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Normally I'm the optimistic guy (or a serial optimist as some say), in this article, however, I will emphasize perspectives of and from the healthcare professionals i.e. regarding the pandemic, from different angles that tend to be a bit more 'dark'.
Early last year I wrote about some of the burdens we would see at one point, we now see this as a developing 'story' all around us.
A very sound and clear message (you really need to see this when you care about healthcare) by Dr. Marc Harrison (former Cleveland executive, now Intermountain and in remission from cancer himself): "Those of you not wearing an N95: I hope you are not carrying the Delta variant, otherwise YOU could kill me...." and next takes on the perspective of healthcare workers.
Despite the horrible darkness of COVID, it has shined a very bright light on the courage, dedication, and loving care for patients (and each other) that nurses have always possessed. They’ve been called “super-heroes,” “angels,” and “warriors,” and nursing remains one of the most respected professions in the U.S. Yet, the toll on nurses has been heavy, and even deadly.
It began as an acute illness, sometimes about a decade ago. Doctors, who had for centuries belonged to a proud and rewarding profession, were suddenly reporting a series of alarming symptoms: exhaustion, frustration, and extreme hopelessness.
Surveys indicated that physicians were feeling beaten up and burned out by a broken healthcare system, which was becoming increasingly computerized, corporatized, and commoditized. Doctors were being bogged down by endless regulations and paperwork and administrative demands—so much that medicine had somehow become a profession in which doctors no longer had the time to do the one thing that doctors are supposed to do: care for patients.
After 18 years as a nurse, much of it in the emergency department, Jeremy Lail considered himself a battle-tested veteran.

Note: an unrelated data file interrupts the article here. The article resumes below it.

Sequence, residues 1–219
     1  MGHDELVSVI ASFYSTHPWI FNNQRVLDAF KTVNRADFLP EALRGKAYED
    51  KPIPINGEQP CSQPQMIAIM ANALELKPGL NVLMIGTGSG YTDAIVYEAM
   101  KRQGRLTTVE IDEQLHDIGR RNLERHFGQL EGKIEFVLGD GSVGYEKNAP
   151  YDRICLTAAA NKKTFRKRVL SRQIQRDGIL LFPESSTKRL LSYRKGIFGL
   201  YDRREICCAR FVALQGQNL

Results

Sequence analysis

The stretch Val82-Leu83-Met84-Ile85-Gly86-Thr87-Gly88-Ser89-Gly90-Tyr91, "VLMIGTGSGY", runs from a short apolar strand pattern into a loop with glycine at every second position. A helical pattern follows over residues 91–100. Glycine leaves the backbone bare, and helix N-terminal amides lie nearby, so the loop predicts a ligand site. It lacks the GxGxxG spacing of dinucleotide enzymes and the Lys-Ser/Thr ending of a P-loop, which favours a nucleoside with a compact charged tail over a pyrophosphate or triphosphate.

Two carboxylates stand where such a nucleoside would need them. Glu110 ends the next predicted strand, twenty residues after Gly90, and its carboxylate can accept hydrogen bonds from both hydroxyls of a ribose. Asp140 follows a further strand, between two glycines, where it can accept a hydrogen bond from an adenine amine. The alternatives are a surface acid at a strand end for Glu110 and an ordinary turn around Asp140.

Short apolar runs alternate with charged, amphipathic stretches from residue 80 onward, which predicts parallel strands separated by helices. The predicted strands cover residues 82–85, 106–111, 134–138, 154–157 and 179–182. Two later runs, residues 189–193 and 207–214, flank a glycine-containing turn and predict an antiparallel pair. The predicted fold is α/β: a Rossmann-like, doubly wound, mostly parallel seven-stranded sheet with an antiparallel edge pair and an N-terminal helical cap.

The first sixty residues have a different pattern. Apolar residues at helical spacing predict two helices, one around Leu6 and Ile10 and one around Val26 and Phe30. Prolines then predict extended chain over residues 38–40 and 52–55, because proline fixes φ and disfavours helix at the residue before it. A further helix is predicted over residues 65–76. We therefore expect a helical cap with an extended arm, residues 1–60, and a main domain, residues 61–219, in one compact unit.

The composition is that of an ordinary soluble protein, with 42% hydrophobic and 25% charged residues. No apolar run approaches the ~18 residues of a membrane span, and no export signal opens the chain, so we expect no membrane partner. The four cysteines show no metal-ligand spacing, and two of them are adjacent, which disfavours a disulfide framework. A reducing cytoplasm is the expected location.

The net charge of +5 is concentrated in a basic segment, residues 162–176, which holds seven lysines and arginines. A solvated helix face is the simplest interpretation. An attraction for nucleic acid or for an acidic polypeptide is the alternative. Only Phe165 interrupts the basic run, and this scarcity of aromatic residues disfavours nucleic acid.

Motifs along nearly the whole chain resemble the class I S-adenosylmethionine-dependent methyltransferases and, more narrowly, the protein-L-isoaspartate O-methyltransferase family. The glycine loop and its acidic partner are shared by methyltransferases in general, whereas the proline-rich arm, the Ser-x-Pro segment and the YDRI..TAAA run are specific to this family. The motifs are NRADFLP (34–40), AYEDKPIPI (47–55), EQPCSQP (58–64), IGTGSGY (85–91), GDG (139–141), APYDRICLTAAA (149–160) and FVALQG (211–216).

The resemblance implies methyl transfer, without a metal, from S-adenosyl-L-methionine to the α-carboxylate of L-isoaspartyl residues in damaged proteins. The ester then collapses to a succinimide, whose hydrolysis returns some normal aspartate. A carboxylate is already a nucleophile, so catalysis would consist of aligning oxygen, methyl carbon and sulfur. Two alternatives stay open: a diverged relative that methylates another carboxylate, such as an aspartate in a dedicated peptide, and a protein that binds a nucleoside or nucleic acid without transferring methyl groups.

But last week, he asked his bosses at Providence Portland Medical Center if he could go on leave. Lail said he’s overwhelmed by the horde of patients seeking treatment at his ER and unnerved at the erratic, angry nature of many of those patients.
“I dreaded going to work,” he said. “I found myself thinking, is this the day someone is going to pull a gun and shoot me? We’re seeing how society can devolve right now. I’ve been dealing with a lot of anxiety and depression.”
That's it, I had to address the topics above because they are a reality. The other reality is: there always will be a bright side, in the end, so keep seeing that as well! Stay safe!
It is at the intersection of technology and patient empowerment, which is where Lucien Engelen (1962), director of the Radboud University Nijmegen Medical Centre REshape Center and advisor to the Board of Directors (since 2007) feels most at home. The two worlds combined into the Radboud University Nijmegen Medical Centre and Singularity University in Silicon Valley & the Netherlands and in the Nordics, his modus operandi is always challenging, sometimes provocative but always techno-realistic. Writing on a new book that will be titled "Augmented Health(care)™ : The end of the beginning" (May 2018, Barcelone Spain) as he thinks we're at the end of an era of creating awareness, pilots, proof of concepts etc in the digital transformation of health(care). More on that on, his Linkedin Page has over 750.000 followers. He is Faculty Global Health(care) & Medecine since 2011 at Singularity University's Exponential Medicine in the US and in the Netherlands.
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